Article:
By Tyler Casey and Drew Olson   Published Nov 08, 2006 at 5:42 AM
In the end, it’s all about the party.

With the time for ringing doorbells, shaking hands, kissing babies, sticking bumper stickers, distributing yard signs, flooding mailboxes and blowing out phone banks passed, there was nothing for candidates and their supporters to do Tuesday night except eat, drink and watch returns with their family, campaign workers and close friends. sent correspondents to two parties on Tuesday night -- U.S. Sen. Herb Kohl’s gathering at the Lakefront Brewery and Wauwatosa Ald. Jim Sullivan’s soiree at Friday’s Front Row Grill at Miller Park.

To use the popular sports terms, one election was a "blowout," while the other was a "nail-biter."

Kohl won his fourth term by nearly a 2-1 margin over his challenger, Robert Gerald Lorge. Though the victory was deemed a formality months ago, the party had a somewhat serious vibe with lighthearted undertones.

Optimism among Kohl’s supporters, who shared the party with Rep. Gwen Moore, ran high early.

"I say we’re getting ready to take back America," said a red-clad partygoer.

Lakefront Beers flowed freely from taps, Swedish meatballs and spinach dip were gobbled up, and campaign stickers were handed out as people filled in to the party. And it felt like a party. Suits and ties were the exception, while denim, baseball caps and hooded sweatshirts were the rule.

Most of the attention in the room was turned to the wall-sized projection screen showing CNN’s election coverage.  Applause was heard whenever the results of Kohl or Moore’s race were shown. The down-to-the-wire governor’s race resulted in alternating cheers or boos, depending on who was winning at the time.

Indeed, it might seem odd for Wisconsinites to be cheering Senate election results in Pennsylvania and New York, but when your state’s major federal races were declared all but over before they started, people need some kind of a competition to attach themselves to.

At 8:30 p.m., it was announced that Sen. Kohl had entered the building. This led to chants of "Herb Kohl" from a group of drunk young men that sounded like they might have been imported from a Bucks game.

After making the rounds in the crowded room, both Moore and Kohl took the podium to deliver victory speeches. Moore thanked Milwaukee for coming out to vote for her and let the city know she appreciated it.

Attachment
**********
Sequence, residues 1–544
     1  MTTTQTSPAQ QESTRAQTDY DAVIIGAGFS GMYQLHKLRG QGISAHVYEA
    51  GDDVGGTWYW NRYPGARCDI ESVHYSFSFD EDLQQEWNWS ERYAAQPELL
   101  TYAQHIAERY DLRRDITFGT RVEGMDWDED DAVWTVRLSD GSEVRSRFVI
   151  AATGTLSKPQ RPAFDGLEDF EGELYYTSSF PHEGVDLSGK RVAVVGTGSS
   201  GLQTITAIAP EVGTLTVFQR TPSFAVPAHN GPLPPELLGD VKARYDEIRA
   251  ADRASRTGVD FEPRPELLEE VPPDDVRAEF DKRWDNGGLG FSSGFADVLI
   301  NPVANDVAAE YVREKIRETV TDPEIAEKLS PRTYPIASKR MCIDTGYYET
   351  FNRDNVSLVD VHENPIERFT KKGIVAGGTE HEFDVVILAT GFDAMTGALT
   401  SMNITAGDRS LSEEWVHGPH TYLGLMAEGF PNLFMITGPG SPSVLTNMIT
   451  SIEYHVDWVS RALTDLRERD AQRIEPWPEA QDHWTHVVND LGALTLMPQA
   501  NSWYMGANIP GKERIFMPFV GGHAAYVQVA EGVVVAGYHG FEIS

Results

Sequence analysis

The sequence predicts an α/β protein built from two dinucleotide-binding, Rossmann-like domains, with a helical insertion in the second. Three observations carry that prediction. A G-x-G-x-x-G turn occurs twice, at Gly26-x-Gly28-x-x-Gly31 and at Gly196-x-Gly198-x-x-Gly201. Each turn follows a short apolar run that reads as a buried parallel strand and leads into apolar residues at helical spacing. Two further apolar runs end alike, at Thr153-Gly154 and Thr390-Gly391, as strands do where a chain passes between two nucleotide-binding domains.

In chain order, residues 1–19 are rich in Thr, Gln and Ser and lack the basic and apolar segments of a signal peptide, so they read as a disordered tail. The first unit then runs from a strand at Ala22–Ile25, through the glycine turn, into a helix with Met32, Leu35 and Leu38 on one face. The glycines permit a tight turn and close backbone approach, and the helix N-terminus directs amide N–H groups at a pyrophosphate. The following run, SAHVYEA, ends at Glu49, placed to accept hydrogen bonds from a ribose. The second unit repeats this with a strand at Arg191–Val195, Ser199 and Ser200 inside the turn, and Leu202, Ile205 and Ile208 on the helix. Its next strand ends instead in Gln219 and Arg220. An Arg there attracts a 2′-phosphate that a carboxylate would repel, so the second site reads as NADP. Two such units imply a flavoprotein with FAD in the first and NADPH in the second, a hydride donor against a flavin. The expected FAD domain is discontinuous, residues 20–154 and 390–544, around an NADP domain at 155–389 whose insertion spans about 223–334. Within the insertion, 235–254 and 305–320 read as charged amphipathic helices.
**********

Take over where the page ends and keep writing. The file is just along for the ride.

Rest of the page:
"I promise to represent you well," she said.

Moore then introduced Kohl as "a man who eats oatmeal for breakfast" and "hot dogs at the airport." While he took the podium without visible foodstuffs, Kohl did express gratitude to the people of Wisconsin for voting him into a fourth term.

"I love the people that I have served," Kohl said. "Helping the people of Wisconsin has been the hallmark of my 18 years in Washington, and I pledge to you tonight that I will continue to do that."

After the candidates spoke, partygoers went back to watching the races going on locally and nationally. While Democrats enjoyed major victories in several regions, the race involving Sullivan was close for much of the night.

The crowd at Friday’s cheered with glee when Sullivan was shown to be ahead, but then groaned when the ticker showed that Reynolds was in the lead. Throughout the evening, drinks flowed and the tables were full of chips and pretzels.

It was approaching midnight when Sullivan stepped to a dimly-lit podium on the concourse outside the restaurant and began an impassioned speech to a small but enthusiastic group of supporters that included his parents, his campaign crew and many neighbors and friends.

After several moments, Sullivan said: "I have news for you ... You won!"

The crowd erupted in applause. Later, Sullivan revealed that he had found out about his victory shortly before taking the stage. "We were waiting and waiting and finally it got to the point where there weren’t enough precincts out for him to catch us," he said. While supporters enjoyed a champagne toast with Sullivan's wife, Linda, the couple's oldest son, Jack, read a Harry Potter book and the youngest, Malcolm, tossed plastic darts at a game in the corner.

Sullivan, an attorney who was making his first bid for office, is known to family and friends by the nickname "Kip." After Tuesday, they’ll be calling him "State Sen. Sullivan" or something more colorful.

"I guess I'll have to call him 'Your Excellence' from now on," one partygoer said as he headed for the exits at 1 a.m.